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Ref: 43/2023

  • Annual monitoring exercise saw a decrease in the size of the non-bank financial intermediation (NBFI) sector in 2022 – the first notable decrease since 2009 – largely due to the impact of higher interest rates on asset valuations.

  • Similarly, the part of the NBFI sector that may pose bank-like financial stability risks decreased in 2022. This decline can be almost entirely attributed to investment funds. Money market funds were the only fund type to grow in 2022.

  • Banks continue to be net recipients of funding from NBFI entities, although this funding has been gradually decreasing as a proportion of bank assets.

The Financial Stability Board (FSB) today published the Global Monitoring Report on Non-Bank Financial Intermediation 2023. The report presents the FSB’s annual monitoring exercise assessing global trends and vulnerabilities in non-bank financial intermediation (NBFI).

The report mainly covers developments in 2022, when most economies experienced a rising interest rate environment in response to inflationary pressures. It describes broad trends in financial intermediation across 29 jurisdictions that account for around 85% of global GDP, before narrowing its focus to the subset of NBFI activities that may be more likely to give rise to vulnerabilities. This year’s exercise includes data enhancements on interconnectedness, sources of funding, and vulnerability metrics. The report also includes an overview of policy tools to address vulnerabilities associated with liquidity transformation and use of leverage by collective investment vehicles and a case study of private finance in the euro area, Hong Kong, the United Kingdom, and the United States.

The main findings from this year’s monitoring exercise include:

  • The size of the NBFI sector decreased in 2022, which is the first notable decrease since 2009 and can be largely attributed to higher interest rates. The total financial assets of the sector declined 5.5% compared to 2021 to $217.9 trillion, mainly reflecting valuation losses in mark-to-market asset portfolios, particularly in investment funds.

  • The narrow measure of the NBFI sector – comprising entities that authorities have assessed as being involved in credit intermediation activities that may pose bank-like financial stability risks – decreased 2.9% to $63.1 trillion in 2022, representing 28.9% of total NBFI assets. This decline can be almost entirely attributed to collective investment vehicles susceptible to runs, such as fixed income, mixed, and credit hedge funds. Money market funds were the only investment fund type to grow in 2022.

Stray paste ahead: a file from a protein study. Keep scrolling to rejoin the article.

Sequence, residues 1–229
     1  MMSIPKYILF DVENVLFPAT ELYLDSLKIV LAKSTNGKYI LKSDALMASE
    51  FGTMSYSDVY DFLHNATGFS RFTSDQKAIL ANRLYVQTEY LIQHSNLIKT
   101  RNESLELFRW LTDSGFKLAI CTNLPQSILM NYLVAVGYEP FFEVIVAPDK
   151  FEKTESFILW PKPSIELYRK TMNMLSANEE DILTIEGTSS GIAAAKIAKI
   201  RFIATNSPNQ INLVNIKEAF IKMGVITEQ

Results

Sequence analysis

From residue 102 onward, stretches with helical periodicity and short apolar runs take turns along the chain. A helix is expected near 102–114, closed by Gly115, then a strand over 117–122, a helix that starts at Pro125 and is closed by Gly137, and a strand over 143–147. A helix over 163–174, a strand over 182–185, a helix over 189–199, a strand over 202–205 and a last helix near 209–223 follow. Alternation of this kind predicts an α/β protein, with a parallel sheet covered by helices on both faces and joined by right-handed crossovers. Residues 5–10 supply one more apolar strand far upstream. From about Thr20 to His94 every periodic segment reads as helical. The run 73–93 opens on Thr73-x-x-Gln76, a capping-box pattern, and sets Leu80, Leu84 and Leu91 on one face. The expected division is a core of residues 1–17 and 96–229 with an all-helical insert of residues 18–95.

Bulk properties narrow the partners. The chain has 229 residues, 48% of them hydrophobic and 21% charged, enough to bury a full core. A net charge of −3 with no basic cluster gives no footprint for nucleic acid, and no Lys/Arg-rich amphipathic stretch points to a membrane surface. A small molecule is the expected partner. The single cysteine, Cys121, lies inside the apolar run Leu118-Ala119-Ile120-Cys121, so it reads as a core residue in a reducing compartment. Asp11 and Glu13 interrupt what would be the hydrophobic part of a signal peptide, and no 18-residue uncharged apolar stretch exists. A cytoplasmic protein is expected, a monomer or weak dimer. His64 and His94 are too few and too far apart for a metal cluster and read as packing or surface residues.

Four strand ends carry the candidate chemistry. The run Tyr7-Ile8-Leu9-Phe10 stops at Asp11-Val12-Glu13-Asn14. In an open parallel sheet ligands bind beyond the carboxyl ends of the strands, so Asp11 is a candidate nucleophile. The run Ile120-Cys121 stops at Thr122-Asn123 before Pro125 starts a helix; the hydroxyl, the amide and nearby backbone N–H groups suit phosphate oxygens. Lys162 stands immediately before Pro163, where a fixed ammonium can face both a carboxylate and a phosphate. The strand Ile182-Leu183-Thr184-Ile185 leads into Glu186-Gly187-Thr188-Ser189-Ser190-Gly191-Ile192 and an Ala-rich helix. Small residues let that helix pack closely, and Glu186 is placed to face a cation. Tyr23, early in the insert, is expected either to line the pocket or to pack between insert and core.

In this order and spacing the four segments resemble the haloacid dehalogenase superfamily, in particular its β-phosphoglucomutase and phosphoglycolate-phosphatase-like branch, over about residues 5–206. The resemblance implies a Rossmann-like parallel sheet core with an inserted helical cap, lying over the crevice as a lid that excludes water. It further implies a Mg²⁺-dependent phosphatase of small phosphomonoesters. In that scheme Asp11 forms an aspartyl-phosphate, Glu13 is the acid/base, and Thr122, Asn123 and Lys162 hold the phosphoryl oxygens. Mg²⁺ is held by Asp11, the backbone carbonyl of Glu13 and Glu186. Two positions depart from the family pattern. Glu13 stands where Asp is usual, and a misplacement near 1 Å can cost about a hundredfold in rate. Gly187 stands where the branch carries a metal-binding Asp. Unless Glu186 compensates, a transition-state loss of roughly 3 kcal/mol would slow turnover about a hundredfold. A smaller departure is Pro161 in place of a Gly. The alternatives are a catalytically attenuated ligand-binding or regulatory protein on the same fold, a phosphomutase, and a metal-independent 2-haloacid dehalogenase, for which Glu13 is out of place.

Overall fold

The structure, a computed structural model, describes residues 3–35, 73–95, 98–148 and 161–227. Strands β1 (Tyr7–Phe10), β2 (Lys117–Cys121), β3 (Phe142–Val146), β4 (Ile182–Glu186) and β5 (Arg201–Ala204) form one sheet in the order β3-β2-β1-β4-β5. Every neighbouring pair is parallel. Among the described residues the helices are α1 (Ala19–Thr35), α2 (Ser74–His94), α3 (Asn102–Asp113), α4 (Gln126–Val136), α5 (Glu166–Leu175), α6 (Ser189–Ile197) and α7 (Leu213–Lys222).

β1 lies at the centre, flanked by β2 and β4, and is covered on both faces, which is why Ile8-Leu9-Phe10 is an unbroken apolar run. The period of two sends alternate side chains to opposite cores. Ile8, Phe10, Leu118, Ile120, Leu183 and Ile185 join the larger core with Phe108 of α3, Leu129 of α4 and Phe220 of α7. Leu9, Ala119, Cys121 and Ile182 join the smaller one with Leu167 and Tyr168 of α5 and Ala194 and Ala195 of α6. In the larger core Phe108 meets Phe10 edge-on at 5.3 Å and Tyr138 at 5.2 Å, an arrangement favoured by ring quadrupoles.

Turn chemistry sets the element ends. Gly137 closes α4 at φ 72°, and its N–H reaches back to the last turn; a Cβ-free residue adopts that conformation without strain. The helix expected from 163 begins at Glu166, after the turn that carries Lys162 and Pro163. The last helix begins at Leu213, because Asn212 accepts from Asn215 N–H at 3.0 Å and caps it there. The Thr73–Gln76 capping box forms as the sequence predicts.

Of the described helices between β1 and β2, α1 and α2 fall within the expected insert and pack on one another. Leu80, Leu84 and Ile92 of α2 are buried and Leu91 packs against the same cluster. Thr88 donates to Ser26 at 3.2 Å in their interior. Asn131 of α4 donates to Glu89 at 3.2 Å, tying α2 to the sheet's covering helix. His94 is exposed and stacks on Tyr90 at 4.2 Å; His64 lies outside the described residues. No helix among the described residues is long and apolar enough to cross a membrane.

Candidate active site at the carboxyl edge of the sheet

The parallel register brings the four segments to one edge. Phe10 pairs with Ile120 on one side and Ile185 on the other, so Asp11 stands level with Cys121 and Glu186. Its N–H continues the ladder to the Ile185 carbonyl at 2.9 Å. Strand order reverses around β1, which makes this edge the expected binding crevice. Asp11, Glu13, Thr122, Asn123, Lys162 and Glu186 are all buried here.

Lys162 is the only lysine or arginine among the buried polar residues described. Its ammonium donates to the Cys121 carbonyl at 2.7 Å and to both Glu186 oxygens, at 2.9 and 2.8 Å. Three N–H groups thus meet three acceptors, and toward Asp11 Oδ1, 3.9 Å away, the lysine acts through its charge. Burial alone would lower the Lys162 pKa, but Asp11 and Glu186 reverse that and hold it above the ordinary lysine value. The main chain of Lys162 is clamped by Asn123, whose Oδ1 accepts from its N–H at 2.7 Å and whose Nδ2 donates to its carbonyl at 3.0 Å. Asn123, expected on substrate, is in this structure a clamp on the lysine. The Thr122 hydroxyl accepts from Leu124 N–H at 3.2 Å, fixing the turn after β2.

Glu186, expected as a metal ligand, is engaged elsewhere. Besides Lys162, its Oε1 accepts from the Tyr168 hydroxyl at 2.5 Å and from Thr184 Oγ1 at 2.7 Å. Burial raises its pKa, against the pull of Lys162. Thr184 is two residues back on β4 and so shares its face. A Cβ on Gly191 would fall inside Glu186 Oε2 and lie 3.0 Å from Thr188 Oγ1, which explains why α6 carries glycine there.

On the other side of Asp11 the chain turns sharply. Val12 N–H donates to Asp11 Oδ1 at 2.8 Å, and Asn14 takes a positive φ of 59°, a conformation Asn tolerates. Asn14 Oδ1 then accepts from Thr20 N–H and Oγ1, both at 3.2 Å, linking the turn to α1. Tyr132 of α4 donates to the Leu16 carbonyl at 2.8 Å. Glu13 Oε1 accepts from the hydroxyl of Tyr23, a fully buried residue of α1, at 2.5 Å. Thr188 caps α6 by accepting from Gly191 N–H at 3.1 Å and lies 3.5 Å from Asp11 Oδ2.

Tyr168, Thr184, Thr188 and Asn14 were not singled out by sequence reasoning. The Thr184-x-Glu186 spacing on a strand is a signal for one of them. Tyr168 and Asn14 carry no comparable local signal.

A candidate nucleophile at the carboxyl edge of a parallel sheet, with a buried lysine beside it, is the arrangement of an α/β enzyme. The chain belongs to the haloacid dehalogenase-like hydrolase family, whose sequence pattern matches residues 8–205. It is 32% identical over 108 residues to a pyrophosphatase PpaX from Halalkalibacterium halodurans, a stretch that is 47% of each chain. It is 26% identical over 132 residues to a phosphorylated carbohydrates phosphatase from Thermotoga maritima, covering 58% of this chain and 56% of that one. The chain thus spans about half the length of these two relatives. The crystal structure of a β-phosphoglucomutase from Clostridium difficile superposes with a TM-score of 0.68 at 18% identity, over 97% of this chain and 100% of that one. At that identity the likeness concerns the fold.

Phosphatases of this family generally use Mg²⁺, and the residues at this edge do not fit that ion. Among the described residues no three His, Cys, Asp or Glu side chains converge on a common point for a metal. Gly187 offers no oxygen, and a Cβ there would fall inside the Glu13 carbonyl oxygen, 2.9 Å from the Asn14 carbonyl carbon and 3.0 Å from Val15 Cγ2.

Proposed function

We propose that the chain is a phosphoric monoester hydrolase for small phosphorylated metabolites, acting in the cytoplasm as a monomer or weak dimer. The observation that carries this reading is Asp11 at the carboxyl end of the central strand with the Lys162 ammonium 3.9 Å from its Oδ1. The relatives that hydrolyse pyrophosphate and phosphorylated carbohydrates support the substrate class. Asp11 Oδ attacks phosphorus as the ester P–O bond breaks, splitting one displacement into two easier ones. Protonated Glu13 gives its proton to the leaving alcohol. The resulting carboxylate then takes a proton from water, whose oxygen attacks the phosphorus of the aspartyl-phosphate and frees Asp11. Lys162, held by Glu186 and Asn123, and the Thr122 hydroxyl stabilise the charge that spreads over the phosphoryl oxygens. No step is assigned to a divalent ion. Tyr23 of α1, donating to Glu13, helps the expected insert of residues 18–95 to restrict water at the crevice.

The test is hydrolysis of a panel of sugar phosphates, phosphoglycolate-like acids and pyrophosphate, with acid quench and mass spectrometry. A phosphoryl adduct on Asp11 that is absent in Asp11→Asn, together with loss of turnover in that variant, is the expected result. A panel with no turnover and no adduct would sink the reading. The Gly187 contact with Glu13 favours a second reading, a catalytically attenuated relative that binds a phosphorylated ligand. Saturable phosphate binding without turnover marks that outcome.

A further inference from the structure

• Banks continued to be net recipients of funding from NBFI entities, although this funding has been gradually decreasing as a proportion of bank assets since 2013.

  • Most vulnerability metrics of NBFI entities – measuring credit intermediation, maturity transformation, liquidity transformation, and leverage – remained stable. Metrics for maturity transformation in fixed income funds were high overall, while metrics for liquidity transformation were also high across most funds.

Market prices have generally rebounded since the analysis presented in this report, especially following the banking sector turmoil in March 2023. These developments and potential implications for vulnerabilities in the NBFI sector will be assessed in next year’s report.

Notes to editors

The FSB created a system-wide monitoring framework to track developments in NBFI in response to a G20 Leaders’ request at the Seoul Summit in 2010. The objective of the monitoring exercise is to identify the build-up of vulnerabilities in NBFI and initiate corrective actions where necessary. Complementing this monitoring, the FSB has been coordinating the development of policies to mitigate potential vulnerabilities associated with NBFI.

In November 2020, the FSB published a Holistic Review of the March Market Turmoil, which lays out a comprehensive and ambitious work programme for strengthening the resilience of the NBFI sector while preserving its benefits. Progress under the FSB NBFI work programme, which is being carried out within the FSB as well as by its member standard-setting bodies and international organisations, is detailed in the FSB’s September 2023 report.

The FSB coordinates at the international level the work of national financial authorities and international standard-setting bodies and develops and promotes the implementation of effective regulatory, supervisory, and other financial sector policies in the interest of financial stability. It brings together national authorities responsible for financial stability in 24 countries and jurisdictions, international financial institutions, sector-specific international groupings of regulators and supervisors, and committees of central bank experts. The FSB also conducts outreach with approximately 70 other jurisdictions through its six Regional Consultative Groups.

The FSB is chaired by Klaas Knot, President of De Nederlandsche Bank. The FSB Secretariat is located in Basel, Switzerland and hosted by the Bank for International Settlements.